My experience with any sort of illegal substances is limited to one substance, one time, and I think that makes me pretty innocent for someone my age.

You and I know where my weakness lies. When I feel that sort of empty that has nothing to do with being hungry, I eat. Reading the addiction book opens up concerns I've had throughout the weight loss process. Weight Watchers roots its plans in a moderation approach. I've written before about my own resistance to abstinence. Cheever quotes someone who says abstinence for food addicts is like taking the tiger out of the cage three times a day. You cannot give food up completely.

I've written about how abstinence terrifies me:

Probably other times, too. I think it's possible that a person who thinks about it as much as I have may need to consider it. It might turn out to be simpler than trying to figure out some way to snack without going overboard.

"Martha posted Desire on Typepad."

Over the last year, more and more people who know me in real life, and through church, read my blog, and as I look back over the old posts from Set Free about taking better care of myself, I realize I wrote more emotionally, more openly. That stopped when I became ill last spring, so that ironically my effort to get out of the birdcage and begin something new led to very careful management of how I communicated my feelings. I didn't do it to protect my readers. I sheltered myself.

It's difficult to be clear about your feelings when you cushion them in bubble wrap, whether that means the shielding of sadness or the padding of pudding. Rheumatoid Arthritis appeared to have dashed my desires of a year ago like a piece of china flung to the floor.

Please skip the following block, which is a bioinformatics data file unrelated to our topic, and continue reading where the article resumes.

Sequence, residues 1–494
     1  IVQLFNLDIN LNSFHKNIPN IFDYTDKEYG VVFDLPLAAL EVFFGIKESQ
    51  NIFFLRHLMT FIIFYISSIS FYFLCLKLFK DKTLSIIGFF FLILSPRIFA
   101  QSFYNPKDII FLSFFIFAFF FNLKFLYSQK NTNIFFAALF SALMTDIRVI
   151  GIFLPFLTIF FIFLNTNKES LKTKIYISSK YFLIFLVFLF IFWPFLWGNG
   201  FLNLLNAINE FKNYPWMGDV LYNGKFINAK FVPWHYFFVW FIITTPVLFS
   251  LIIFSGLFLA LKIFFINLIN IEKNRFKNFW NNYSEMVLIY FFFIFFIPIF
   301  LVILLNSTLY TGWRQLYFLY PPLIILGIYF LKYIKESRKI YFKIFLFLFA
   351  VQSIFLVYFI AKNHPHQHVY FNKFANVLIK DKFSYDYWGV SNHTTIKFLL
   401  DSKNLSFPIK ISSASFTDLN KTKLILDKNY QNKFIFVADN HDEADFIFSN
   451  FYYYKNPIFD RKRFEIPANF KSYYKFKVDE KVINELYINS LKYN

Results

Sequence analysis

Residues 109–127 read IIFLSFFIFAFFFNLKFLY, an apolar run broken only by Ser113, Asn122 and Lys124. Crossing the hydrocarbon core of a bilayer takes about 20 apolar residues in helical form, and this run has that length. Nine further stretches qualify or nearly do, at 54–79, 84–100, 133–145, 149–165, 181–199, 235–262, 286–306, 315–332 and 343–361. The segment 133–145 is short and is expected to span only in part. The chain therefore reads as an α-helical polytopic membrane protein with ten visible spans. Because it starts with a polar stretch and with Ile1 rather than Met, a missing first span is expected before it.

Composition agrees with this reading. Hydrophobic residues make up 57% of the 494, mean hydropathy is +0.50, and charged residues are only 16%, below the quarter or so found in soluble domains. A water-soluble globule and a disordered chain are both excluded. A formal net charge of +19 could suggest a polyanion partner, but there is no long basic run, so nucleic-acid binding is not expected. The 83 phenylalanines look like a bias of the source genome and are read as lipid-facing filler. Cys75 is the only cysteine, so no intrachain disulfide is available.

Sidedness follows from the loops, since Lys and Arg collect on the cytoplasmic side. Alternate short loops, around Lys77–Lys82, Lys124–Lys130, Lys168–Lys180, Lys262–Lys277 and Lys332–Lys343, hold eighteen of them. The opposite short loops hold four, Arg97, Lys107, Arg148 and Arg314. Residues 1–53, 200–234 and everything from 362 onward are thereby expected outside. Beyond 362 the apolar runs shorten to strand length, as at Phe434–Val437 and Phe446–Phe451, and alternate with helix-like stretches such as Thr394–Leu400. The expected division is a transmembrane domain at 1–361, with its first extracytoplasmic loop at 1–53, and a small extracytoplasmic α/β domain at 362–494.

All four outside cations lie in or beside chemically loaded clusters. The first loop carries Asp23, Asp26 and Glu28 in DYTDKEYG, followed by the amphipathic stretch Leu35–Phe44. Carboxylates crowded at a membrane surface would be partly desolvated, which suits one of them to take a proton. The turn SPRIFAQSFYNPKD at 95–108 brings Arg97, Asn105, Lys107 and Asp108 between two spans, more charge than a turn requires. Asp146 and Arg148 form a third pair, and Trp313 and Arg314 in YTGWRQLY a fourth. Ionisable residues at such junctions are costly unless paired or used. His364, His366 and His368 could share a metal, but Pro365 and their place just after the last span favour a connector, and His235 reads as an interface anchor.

Some of those inclinations and wishes seem funny now. I'll never wear high heels again, but how often had I worn them anyway? I actually like a lot of the shoes with Roomy Toe Boxes.

Others feel like a real loss. It's hard to imagine ever having the energy to hike a whole mountain again; when I think of my feeling of accomplishment and joy to be able to do that in the fall of 2007, and how I assumed there would be plenty more of it to come–well, I guess it's understandable I grieved.

Or that I feel aggrieved.

But as Snowman likes to say, "I don't want to be that guy." Or that bird. I want to be the one who figures out how to live in the new situation and makes the best of it. So perhaps that sometimes makes me too eager to skip a step, or too hard on myself for having gone through a phase in which I resorted to familiar coping techniques.

However.

I know from experience that getting clean around food, whether you follow a plan of moderation or abstinence, opens up caves I would prefer to remain sealed. I know it. My fear of RA-related deformities ties right into my fear of abandonment, with a special twist of "my mother didn't like to see people who looked different in any way."

She didn't like to see me look fat, either.

"Martha posted Desire on Typepad."